4. Tame your enthusiasm

This is counter-intuitive, I know. But being overly excited about a project seems to turn clients off. Maybe because it sounds like you’re faking it. Or that you are desperate for work. Any work at all.

Man, the more jazzed about a project I become, and the more I jabber on, the less clients seem to be interested. They suspect ulterior motives perhaps. Or maybe it’s just the reverse contrariness of the universe.

The best line to walk: You’re interested. You’re intrigued. You see how to do this. You’d be happy to work on it. You like the client. But, if it doesn’t happen for some reason, that’s okay, too. That is somehow more appealing to clients.

I once worked with a guy who was masterful at restrained enthusiasm. He had a knack for holding back when talking about a potential project. He acted as if he were just itching to say ‘We are dying to do this. This will be brilliant‘, but kept it under wraps.

The effect was much like pressing your thumb over the end of a garden hose, rather than letting it gush. Pent-up energy. Clients always caught that vibe.

5. Do what you say you will do. Bigger and sooner.

I utterly missed the importance of this for a long time. Dumb.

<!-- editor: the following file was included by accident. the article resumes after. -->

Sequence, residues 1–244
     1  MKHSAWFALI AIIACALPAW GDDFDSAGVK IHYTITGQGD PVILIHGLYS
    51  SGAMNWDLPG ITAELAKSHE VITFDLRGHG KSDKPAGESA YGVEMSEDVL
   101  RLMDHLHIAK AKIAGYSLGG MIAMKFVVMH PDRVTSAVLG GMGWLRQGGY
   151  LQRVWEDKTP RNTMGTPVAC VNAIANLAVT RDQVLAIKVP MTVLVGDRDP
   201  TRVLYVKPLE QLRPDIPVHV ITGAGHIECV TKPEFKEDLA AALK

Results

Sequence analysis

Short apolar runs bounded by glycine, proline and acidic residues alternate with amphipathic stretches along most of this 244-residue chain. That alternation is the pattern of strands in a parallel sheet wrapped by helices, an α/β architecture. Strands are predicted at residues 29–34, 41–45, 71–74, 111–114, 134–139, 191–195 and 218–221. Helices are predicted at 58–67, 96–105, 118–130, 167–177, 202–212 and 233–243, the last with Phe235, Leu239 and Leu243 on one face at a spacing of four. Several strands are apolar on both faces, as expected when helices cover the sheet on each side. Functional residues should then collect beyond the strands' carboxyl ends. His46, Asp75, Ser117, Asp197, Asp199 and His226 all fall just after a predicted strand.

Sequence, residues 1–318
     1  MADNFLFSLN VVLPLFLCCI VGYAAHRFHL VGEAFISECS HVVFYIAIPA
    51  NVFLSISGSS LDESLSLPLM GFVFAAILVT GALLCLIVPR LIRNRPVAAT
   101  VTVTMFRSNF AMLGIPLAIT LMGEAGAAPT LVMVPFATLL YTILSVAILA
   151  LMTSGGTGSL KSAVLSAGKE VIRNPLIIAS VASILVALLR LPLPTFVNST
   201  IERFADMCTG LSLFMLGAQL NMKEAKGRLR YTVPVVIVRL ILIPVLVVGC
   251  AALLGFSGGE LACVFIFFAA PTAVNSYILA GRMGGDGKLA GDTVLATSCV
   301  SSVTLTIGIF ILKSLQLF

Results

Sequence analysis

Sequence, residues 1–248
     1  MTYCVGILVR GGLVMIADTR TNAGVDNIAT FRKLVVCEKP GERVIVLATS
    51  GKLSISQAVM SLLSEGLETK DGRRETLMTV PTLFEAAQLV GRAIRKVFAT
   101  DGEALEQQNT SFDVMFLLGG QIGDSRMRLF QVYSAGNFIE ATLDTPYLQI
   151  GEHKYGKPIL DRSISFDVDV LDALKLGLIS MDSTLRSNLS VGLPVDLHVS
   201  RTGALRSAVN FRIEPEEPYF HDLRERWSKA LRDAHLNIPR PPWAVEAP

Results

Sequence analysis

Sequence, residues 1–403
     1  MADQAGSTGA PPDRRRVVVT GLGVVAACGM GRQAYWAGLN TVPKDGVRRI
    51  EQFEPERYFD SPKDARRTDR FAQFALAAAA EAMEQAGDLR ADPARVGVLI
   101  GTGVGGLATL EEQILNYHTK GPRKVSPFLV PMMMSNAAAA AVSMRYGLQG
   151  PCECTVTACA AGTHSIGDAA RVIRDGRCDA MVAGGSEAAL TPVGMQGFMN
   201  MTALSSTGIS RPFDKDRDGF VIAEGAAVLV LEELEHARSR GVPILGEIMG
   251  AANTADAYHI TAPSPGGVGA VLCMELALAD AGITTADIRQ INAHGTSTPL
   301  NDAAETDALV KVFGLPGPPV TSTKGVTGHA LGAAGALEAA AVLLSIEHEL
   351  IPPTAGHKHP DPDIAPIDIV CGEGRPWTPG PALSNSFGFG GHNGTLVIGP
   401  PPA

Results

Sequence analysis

For clients, hiring you is always a leap of faith. You are an unknown. There is always the possibility that you will screw up, or not deliver, or send them something they hate.

You need to allay the fears, build the trust. Starting from day one.

Provide a phone number. You’d be surprised at how many freelancers don’t. Clients are wary of phantom freelancers who exist only in email. And if you can, always answer the damn phone.

When you say you’ll email them an estimate and ‘some thoughts’ in the morning, do it. Send it at 6 am. And send a fat page of thoughts. Overdo it.

Then, two hours later, say “I’ve been thinking”. . . and add a couple more ideas.

When you promise to call them back in ten minutes, call them back in eight minutes.

If the job isn’t right for you, offer to send them names of other freelancers. Then send them six. Complete with a sentence or two of explanation.

Little by little, do what you promise to do. Plus a little extra.

They will trust you more.